Jacqui Banaszynski—Pulitzer winner, globe-trotting teacher, editor, writer, frequent presenter at the CASE Editors Forum—has been a friend of mine for more than 25 years. She thinks about the importance of story and the role of storyteller as well and with as much eloquence as anyone I know. The Romanian writer Cristian Lupsa, who has studied with her, recently posted this bit of writerly wisdom from Banaszynski. It reminds me of Brian Doyle:
Stories are our prayers. Write and edit them with due reverence, even when the stories themselves are irreverent.
Stories are parables. Write and edit and tell yours with meaning, so each tale stands in for a larger message, each story a guidepost on our collective journey.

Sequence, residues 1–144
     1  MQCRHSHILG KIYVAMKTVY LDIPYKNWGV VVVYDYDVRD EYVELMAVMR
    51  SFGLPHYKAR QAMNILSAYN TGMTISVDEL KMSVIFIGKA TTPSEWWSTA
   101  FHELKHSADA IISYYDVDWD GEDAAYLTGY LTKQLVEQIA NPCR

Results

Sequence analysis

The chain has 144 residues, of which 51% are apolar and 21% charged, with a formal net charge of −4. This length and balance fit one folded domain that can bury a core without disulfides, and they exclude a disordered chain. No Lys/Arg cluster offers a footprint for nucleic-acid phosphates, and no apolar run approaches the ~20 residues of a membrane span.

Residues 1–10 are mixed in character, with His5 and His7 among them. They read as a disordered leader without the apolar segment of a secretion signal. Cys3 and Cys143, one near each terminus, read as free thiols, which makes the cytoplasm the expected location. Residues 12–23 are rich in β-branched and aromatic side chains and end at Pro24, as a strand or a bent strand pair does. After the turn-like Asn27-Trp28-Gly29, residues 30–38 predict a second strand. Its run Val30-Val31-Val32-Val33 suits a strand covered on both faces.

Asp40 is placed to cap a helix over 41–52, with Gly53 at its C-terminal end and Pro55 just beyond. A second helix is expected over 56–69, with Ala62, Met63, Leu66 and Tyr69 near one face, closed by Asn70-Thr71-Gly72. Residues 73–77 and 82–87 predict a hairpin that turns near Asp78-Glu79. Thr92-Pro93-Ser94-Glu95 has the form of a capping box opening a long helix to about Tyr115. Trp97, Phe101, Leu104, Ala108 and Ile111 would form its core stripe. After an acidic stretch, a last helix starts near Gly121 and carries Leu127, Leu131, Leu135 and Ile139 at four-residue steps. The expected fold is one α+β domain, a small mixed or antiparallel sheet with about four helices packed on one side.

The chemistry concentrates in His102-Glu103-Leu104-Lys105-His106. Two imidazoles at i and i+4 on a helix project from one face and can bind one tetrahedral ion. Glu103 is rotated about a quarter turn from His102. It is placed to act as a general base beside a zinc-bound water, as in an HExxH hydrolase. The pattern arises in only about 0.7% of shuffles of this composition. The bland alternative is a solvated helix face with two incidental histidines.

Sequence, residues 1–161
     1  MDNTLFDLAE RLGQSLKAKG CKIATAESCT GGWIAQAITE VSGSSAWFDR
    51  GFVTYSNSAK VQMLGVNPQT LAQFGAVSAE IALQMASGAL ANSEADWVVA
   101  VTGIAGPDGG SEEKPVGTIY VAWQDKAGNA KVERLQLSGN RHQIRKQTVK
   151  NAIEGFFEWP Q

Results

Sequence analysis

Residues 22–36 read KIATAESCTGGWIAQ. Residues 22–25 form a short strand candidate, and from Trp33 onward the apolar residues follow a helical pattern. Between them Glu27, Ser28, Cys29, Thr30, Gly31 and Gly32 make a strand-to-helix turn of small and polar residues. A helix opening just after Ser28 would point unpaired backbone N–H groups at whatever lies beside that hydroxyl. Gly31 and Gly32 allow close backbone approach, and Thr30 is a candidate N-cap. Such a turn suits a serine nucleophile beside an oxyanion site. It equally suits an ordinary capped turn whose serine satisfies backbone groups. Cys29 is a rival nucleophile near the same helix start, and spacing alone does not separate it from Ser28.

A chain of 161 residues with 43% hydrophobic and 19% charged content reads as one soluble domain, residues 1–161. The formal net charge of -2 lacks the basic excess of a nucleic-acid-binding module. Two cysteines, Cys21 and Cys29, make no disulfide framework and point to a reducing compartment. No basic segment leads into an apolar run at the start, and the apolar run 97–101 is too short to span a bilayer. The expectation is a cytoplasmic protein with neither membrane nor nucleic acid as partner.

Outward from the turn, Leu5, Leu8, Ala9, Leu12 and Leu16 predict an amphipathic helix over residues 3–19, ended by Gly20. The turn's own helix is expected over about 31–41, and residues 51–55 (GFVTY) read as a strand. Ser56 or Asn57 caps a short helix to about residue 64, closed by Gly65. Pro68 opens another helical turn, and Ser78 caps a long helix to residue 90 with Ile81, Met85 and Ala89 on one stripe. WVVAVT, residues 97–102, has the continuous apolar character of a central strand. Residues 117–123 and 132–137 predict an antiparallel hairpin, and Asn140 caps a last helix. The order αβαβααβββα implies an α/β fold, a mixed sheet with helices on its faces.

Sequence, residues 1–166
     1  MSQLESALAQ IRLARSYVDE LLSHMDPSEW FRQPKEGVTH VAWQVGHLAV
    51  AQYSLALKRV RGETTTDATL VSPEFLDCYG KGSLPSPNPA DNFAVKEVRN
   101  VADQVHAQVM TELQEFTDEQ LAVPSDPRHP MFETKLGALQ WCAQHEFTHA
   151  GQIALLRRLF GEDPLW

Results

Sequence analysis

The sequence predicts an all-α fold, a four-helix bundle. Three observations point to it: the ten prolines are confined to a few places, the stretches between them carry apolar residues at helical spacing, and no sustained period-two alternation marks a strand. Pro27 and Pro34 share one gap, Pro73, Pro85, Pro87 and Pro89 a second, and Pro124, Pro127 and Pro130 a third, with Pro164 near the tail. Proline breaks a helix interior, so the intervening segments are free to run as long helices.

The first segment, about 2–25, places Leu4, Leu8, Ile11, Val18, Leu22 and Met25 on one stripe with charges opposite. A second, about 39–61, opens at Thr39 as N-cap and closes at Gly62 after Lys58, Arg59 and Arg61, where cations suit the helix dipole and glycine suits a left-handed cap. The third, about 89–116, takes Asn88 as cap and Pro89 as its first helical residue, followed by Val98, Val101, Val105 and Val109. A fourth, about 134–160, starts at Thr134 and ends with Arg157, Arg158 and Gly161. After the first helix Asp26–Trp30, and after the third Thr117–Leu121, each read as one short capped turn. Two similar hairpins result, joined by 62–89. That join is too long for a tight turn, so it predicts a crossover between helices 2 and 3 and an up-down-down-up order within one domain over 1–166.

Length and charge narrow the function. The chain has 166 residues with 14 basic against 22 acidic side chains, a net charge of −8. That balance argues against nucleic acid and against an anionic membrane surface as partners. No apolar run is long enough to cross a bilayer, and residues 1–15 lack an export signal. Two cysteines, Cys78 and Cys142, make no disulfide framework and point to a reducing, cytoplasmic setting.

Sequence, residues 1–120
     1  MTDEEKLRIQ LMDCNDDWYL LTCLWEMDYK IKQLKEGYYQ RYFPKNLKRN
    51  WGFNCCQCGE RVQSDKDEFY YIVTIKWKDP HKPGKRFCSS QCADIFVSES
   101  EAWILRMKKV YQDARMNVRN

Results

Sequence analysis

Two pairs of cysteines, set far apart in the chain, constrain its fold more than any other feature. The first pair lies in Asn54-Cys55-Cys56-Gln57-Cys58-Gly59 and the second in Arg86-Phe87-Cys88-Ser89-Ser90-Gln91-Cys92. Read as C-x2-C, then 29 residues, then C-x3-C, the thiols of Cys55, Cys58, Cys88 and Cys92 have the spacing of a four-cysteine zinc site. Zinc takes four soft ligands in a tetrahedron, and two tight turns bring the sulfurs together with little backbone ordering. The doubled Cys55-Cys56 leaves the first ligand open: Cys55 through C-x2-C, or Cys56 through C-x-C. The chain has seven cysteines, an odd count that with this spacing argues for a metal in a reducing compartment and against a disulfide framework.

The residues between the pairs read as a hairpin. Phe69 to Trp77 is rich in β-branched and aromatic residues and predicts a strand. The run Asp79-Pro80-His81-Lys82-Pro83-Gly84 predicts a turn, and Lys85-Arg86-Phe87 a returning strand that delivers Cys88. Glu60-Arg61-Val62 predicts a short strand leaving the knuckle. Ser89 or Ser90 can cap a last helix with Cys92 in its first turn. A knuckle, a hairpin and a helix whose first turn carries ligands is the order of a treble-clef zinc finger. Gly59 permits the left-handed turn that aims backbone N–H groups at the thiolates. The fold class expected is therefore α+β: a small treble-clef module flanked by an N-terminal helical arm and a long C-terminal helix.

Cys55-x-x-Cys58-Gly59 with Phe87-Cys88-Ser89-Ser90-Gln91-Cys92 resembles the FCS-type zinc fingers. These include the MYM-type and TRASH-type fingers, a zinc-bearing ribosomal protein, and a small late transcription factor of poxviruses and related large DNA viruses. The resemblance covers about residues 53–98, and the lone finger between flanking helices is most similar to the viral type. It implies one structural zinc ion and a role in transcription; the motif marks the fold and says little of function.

Stories are history. Write and edit and tell yours with accuracy and understanding and context and with unwavering devotion to the truth.
Stories are music. Write and edit and tell yours with pace and rhythm and flow. Throw in the dips and twirls that make them exciting, but stay true to the core beat. Readers hear stories with their inner ear.
Stories are our soul. Write and edit and tell yours with your whole selves. Tell them as if they are all that matters. It matters that you do it as if that’s all there is.
Though you can never be sure where in the world she is at any given moment—Missouri, Florida, Romania, China, Maryland—Banaszynski has a house in Seattle. Next year’s Editors Forum will be in Seattle. You see where I’m going here.